Pay campaign consultation document

Summary

The national executive committee has agreed that there should be a major consultation exercise with branches, groups, equality forums and members on our civil service pay strategy for 2019. The NEC is proposing that our demands on pay in 2019 consist of:

  1. A cost of living pay increase for all workers in the civil service of 8-10% (figure to be finalised following the consultation) with a significant underpin.
  2. A Living Wage of £10 per hour nationally and £11.55 in London
  3. National bargaining on pay across the UK civil service.
  4. Equal pay and coherence of pay and terms and conditions across those areas.

If we do not receive a positive response from the Cabinet Office on our pay demands, the NEC proposes that we hold an industrial action ballot next March on the following basis:

  1. The scope of the ballot is the UK Civil Service (exact coverage to be finalised following the consultation).
  2. That bargaining areas with members outside that definition are consulted about whether they would wish to pursue separate disputes on the same campaign timetable.
  3. That the ballot will run from the beginning of March to finish by 10 April 2019 (start date to be finalised following the consultation).

Industrial action, should it become necessary, would consist of national, all-member action and targeted action in areas in which we would have a disruptive impact on Civil Service management. Areas suitable for effective targeted industrial action will be identified before the start of the ballot.

A special NEC will take place in early February 2019 to consider the results of the consultation and take final decisions on the campaign.

Please read this consultation document and answer the questions at the end, sending your response by 25 January 2019 by email to mark@pcs.org.uk, or in writing to: General Secretary, PCS, 160 Falcon Road, London SW11 2LN. You can also respond by filling in an online form on the PCS website.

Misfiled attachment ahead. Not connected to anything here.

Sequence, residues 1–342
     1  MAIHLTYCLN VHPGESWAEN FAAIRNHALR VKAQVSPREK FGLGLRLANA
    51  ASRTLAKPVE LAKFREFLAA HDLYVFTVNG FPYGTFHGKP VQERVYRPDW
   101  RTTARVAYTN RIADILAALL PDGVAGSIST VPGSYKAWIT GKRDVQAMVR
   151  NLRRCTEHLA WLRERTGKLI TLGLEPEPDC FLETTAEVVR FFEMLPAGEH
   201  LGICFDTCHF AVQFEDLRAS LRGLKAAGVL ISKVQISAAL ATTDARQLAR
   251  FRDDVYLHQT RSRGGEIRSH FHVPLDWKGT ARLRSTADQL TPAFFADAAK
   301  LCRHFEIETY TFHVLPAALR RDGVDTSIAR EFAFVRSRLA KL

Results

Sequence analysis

Background

Earlier this year PCS members in the civil service and related areas voted in a ballot on industrial action over pay – a remarkable 86% of those voting voted yes to strike action. Despite such an overwhelming result, the Tories’ anti-union laws meant that action could not be called as the turnout had not reached the 50% threshold imposed by the 2016 Trade Union Act.

Since then, members’ anger over the decline in the value of their pay, and their living standards, has not gone away. In fact the situation continues to impact daily on the lives of thousands of PCS members and their families.

Average civil service pay has fallen in value by more than £3,000, further and faster than anywhere else in the public sector.

Last year the government announced the end of the pay cap, and negotiators in local government and health sat down and agreed above-inflation pay increases. But in the civil service our court case has revealed that the most senior managers met in February, and agreed to continue the pay squeeze, and limit pay increases to 1-1.5%.

We cannot let this happen in 2019.

 

The claim

Cost of living

In 2018 the PCS pay claim was for 5%. Pay in the public sector had fallen behind inflation by 3-4%. Research commissioned by PCS in 2016 showed that during the period 2017-2015, civil service pay had fallen behind inflation (CPI) by 8-9%, 5% further than in the rest of the public sector. With the Treasury remit limiting increases to 1-1.5% in 2018, civil service pay will have fallen even further behind the rest of the public sector.